Download Wedlock: How Georgian Britain's Worst Husband Met His Match epub
by Wendy Moore
Wedlock: How Georgian Br. .has been added to your Basket. What happens next absolutely proves the saying fact is stranger than fiction with the "worst husband" being Mary’s second foray into marriage.
Wedlock: How Georgian Br. We go from illegal abortions to duels to imprisonment and all manner of horrible happenings which I’m not going to recount at length because that would spoil the revelations of the book itself, if you haven’t already read it.
To be honest I didn't quite fancy this, perhaps the title 'Wedlock-How Georgian Britain's Worst Husband Met His Match' didn't fire my interest
With the death of her fabulously wealthy coal magnate father when she was. To be honest I didn't quite fancy this, perhaps the title 'Wedlock-How Georgian Britain's Worst Husband Met His Match' didn't fire my interest. Don't judge a book by it's title, could be the maxim here. Wendy Moore's biography of the Countess of St Here is another very kind donation to my reading pile by a neighbour of mine who was having 'a clear out'. She knows that I am a reader of historical non-fiction, so I was in receipt of a large collection of books, of which this one was included.
Wedlock: how Georgian Britain's worst husband met his match. Mary Eleanor Bowes was the richest heiress in 18th-century Britain. Married at 18 to John Lyon, the 9th Earl of Strathmore, she was eat- grandmother of the current Queen. But when her husband died and left her with five children she fell under the spell of a charming Irish soldier, Andrew Robinson Stoney
WEDLOCK is the remarkable story of the Countess of Strathmore and her marriage . Wendy Moore is a freelance journalist and author.
WEDLOCK is the remarkable story of the Countess of Strathmore and her marriage to Andrew Robinson Stoney. Mary Eleanor Bowes was one of Britain's richest young heiresses. She married the Count of Strathmore who died young, and pregnant with her lover's child, Mary became engaged to George Gray. She lives in London with her husband Pete and two children, Sam and Susie.
Wendy Moore's first book, The Knife Man, was a beautifully observed biography of the anatomising surgeon John Hunter. In Wedlock she offers an anatomy of an 18th-century upper-crust marriage. It was one that proved a travesty of the blossoming enlightenment ideal of loving companionship, but became a landmark case for women in the divorce courts. Stoney, an imposing Irish fortune-hunter, and the rich countess, Mary Eleanor Bowes, both used Hunter's services to deal in different ways with illegitimate babies.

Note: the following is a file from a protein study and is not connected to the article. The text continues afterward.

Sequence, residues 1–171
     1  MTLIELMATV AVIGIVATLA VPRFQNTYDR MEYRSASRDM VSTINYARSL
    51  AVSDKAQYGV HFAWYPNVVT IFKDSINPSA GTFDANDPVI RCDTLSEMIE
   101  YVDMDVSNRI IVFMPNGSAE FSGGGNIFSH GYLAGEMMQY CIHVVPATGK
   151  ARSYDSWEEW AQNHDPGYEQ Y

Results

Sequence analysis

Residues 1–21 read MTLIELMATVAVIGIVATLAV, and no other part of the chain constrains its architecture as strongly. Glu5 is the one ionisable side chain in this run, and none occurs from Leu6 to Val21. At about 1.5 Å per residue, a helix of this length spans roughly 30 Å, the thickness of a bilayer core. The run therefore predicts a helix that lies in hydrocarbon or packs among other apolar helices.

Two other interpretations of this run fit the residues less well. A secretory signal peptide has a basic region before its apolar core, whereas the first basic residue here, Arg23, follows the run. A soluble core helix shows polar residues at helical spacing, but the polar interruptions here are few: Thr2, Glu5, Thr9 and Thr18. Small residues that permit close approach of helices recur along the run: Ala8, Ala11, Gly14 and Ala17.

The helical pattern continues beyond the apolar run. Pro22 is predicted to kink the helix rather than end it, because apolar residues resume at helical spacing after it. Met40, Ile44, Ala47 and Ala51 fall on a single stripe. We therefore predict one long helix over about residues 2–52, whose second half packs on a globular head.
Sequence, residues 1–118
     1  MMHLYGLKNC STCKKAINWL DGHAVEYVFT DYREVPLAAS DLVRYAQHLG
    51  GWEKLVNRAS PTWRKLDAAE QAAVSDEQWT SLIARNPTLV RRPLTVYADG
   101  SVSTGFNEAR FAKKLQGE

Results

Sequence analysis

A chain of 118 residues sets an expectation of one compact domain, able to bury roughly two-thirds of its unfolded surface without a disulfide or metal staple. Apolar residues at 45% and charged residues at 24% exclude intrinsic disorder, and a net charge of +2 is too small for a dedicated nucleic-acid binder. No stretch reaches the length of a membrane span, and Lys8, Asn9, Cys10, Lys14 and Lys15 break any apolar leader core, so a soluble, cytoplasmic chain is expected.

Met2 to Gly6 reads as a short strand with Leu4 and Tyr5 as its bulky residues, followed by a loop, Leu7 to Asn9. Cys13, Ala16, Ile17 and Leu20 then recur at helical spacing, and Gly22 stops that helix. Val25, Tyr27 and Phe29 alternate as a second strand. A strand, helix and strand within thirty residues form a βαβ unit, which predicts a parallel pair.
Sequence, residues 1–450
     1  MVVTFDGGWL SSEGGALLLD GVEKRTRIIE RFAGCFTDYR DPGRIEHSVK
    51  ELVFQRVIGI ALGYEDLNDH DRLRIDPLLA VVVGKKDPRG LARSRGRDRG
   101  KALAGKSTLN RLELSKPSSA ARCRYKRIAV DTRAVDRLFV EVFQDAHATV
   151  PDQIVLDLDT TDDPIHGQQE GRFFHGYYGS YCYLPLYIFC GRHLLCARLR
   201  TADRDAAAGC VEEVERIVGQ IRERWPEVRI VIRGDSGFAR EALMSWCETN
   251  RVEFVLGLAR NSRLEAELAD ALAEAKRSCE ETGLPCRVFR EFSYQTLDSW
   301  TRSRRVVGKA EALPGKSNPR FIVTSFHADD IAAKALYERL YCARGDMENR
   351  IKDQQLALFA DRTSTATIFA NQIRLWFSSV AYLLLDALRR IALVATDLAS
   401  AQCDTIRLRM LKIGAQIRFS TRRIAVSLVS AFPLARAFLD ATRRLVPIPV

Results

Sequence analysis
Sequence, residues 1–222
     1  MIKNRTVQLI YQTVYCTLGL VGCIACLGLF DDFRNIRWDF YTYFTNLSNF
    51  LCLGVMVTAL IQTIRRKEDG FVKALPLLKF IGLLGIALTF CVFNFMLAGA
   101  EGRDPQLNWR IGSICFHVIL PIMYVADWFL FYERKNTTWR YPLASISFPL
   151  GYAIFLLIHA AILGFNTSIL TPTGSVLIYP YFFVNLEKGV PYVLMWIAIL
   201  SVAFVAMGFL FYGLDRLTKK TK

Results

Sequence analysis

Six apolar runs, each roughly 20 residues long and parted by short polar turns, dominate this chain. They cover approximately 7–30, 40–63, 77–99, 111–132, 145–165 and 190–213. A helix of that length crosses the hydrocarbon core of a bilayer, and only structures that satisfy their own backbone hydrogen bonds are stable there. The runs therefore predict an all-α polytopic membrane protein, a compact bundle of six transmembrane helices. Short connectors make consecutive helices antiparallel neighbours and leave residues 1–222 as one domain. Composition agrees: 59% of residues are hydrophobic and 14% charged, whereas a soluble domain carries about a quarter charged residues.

Wendy Moore relates one such cautionary tale, that of Mary Eleanor Bowes, an 18th-century heiress whose inability to tell a good man from a bad one almost led to her death - but fortunately ended in a landmark divorce case instead. Born in 1749, Bowes had it all: she was attractive, well-educated, and interested in science, with a fortune and a beautiful estate.
After his death, and pregnant with another man's child, she was tricked into marriage with a brutal Irish adventurer. Mary was to suffer years of abuse at his hands. Download the new Indpendent Premium app. Sharing the full story, not just the headlines. Download now. Fearing for her life she went to court, eventually winning a divorce. This lurid tale of high-society sadism grips from the first page.
This made Mary the richest heiress in Britain and later at the epicentre of social London her plain looks became invisible in the glare of her wealth. On her 18th birthday she married a handsome Scottish bore, Lord Strathmore, whose family needed money. They had five children
This made Mary the richest heiress in Britain and later at the epicentre of social London her plain looks became invisible in the glare of her wealth. They had five children. So far so good-ish but the husband was cold and by the time he died from tuberculosis in 1776 at the age of 38 Mary had fallen in love with a younger man and had been enjoying an affair with a third, the amiable Nabob Gray. It is now that the other, wildly improbable wing of the story comes into action.
Wendy Moore's previous book, The Knife Man (Bantam 2005), a biography of surgeon John Hunter (after whom the . But Wedlock is not such a big story and is stretched out too long.
Wendy Moore's previous book, The Knife Man (Bantam 2005), a biography of surgeon John Hunter (after whom the Hunterian Museum is named), is an absorbing tale of a man who, among other experiments, infected himself with syphilis better to understand it and preferred to "read the human body rather than books", learning by dissection, observation and deduction. This may not be Moore's fault: books are, incomprehensibly, supposed more commercial if a certain length and the publisher, Weidenfeld, may have insisted; but still, however you slice it, a sandwich is not better with three slices of bread.
Wedlock, her second book, was published in 2009, and detailed the abusive second marriage of Mary Eleanor Bowes, Countess of Strathmore . US) or Wedlock: How Georgian Britain's worst husband met his match. Orion Publishing Group.
Wedlock, her second book, was published in 2009, and detailed the abusive second marriage of Mary Eleanor Bowes, Countess of Strathmore, eat-grandmother of Queen Elizabeth II. Bowes' second husband, an Irish soldier who conned her into matrimony and then pursued her after their separation, is said to have inspired Thackeray's The Luck of Barry Lyndon.
Author: Wendy Moore
Publisher: Phoenix (January 1, 2009)
Pages: 502 pages
ePUB size: 1540 kb
FB2 size: 1635 kb
Other Formats: lrf azw txt mobi